Here is Iginio riding our bike – he has a shop in Viscaino: 615.103.5094 they are down a dirt road at corner of Calle Leona Vicario and Avenida Valentin Gomez Farías
Graham on the amazing stretch from San Ignacio to El Datil. We rode with him for 2 weeks, and then reunited in La Paz as well.
Graham also used to race cross bikes. He’s a very strong athlete, but patiently waited for us when we struggled in the sand. He also kindly raced into Visciano to get a tire for us and then ride back to meet us when our rear tire had gotten super bad (due to bead defect).
There were some steep climbs on the descent!
Here is Graham on the descent into Mulege.
Here is our riding buddy Graham and his family. Graham’s family came to visit him for a vacation, and they were able to bring Janet and me some VERY needed parts from the United States.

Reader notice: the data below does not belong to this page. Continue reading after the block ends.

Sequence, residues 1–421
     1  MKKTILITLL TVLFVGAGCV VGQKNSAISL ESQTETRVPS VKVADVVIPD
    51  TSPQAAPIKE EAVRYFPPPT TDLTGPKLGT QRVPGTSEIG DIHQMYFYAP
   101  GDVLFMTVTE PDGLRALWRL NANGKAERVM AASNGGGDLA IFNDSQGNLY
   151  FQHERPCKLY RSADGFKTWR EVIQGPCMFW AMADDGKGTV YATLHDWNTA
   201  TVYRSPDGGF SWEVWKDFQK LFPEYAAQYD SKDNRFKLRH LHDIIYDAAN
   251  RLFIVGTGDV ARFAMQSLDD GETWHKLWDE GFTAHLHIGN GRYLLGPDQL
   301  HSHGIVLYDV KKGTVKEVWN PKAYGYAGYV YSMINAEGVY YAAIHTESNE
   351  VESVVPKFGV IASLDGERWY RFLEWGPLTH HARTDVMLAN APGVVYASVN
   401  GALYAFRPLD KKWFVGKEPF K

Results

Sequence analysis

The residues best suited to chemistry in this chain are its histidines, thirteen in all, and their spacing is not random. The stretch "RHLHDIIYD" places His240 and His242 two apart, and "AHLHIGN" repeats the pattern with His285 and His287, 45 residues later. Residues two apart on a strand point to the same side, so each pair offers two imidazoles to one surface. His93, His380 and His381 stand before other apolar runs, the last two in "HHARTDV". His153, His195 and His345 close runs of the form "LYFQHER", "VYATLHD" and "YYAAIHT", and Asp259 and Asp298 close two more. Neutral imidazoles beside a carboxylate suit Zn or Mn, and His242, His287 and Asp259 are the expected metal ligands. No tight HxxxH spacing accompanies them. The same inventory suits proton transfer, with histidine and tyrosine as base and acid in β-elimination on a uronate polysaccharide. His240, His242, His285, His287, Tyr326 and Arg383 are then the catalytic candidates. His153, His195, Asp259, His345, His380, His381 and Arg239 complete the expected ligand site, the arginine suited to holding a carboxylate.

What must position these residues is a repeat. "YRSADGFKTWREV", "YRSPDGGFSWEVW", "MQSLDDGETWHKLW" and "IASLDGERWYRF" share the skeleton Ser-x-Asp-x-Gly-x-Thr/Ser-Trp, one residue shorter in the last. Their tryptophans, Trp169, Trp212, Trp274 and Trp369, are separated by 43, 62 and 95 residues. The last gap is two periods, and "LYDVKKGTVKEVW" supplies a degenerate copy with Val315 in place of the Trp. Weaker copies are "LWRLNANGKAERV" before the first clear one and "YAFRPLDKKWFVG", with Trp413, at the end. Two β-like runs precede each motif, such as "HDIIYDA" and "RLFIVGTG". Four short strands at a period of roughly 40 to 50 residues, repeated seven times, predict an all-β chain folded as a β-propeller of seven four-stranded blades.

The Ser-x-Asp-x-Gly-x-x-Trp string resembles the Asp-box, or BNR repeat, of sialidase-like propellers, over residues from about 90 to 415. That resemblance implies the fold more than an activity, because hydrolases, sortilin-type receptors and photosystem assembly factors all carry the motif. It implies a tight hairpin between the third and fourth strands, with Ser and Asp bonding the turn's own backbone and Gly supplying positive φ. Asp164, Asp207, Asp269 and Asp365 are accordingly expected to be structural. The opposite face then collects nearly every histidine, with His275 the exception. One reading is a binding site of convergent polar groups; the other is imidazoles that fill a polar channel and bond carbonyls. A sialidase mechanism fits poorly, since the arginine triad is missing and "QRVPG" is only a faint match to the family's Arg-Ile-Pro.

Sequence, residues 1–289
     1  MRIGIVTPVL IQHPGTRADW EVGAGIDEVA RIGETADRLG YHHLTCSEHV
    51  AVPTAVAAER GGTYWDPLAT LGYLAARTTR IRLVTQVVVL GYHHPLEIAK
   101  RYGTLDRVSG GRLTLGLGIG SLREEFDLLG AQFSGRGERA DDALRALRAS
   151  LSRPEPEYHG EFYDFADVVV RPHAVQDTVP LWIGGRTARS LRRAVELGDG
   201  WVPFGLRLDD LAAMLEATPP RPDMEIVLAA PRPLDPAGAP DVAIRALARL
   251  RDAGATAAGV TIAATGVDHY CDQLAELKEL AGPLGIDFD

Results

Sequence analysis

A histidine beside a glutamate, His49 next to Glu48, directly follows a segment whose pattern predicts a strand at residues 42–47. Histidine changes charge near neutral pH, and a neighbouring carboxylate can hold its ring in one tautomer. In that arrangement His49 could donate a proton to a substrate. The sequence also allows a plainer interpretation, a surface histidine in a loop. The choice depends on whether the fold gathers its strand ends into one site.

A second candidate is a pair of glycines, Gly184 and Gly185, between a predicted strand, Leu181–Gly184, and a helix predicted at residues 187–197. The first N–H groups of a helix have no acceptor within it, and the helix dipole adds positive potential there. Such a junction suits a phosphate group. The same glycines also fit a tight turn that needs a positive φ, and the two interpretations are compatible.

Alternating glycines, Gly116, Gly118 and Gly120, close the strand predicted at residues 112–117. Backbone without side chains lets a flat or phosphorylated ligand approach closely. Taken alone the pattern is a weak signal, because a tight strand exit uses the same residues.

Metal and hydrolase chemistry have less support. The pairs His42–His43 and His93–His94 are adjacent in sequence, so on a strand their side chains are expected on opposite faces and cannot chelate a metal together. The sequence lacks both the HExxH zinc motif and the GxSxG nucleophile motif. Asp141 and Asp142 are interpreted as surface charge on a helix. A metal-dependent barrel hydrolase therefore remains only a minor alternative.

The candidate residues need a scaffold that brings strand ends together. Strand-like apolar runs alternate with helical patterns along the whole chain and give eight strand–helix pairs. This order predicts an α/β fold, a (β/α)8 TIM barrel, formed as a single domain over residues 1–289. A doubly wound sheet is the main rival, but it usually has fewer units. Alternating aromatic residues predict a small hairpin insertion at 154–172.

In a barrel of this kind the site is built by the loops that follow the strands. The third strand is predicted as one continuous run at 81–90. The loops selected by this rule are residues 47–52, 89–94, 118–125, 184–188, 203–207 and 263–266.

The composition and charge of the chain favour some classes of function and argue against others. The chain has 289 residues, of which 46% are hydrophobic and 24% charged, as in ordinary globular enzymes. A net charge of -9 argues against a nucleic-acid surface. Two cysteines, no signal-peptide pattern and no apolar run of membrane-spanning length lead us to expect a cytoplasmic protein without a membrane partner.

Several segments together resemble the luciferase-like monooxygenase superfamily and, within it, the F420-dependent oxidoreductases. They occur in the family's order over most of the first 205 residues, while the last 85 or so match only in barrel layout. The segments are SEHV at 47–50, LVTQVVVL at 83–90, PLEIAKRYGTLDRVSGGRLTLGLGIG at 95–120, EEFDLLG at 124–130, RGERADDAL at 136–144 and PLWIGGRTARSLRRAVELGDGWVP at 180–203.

This is another one of those Oasis things!
A sweet little slice of Pavement near San Javier.
A cute puppy for your eyes! The dogs in Baja treated us well. Yes, some dogs barked, and some chased – but it never came close to the number of dogs that chased us in South America!
Janet and I were always surprised about the presence of water in the desert. Now we really know what an oasis is! Surface water (which we really only found in Baja Sur, the southern of two states in Baja) made it a lot easier to camp. We could treat the water for drinking, as well as wash the dust off our bodies at the end of the day. We could still wash without it – but it is nice to have an abundance. Usually I will take a water bottle shower, and I can get comfortably clean with about half (500mL) of judiciously applied water.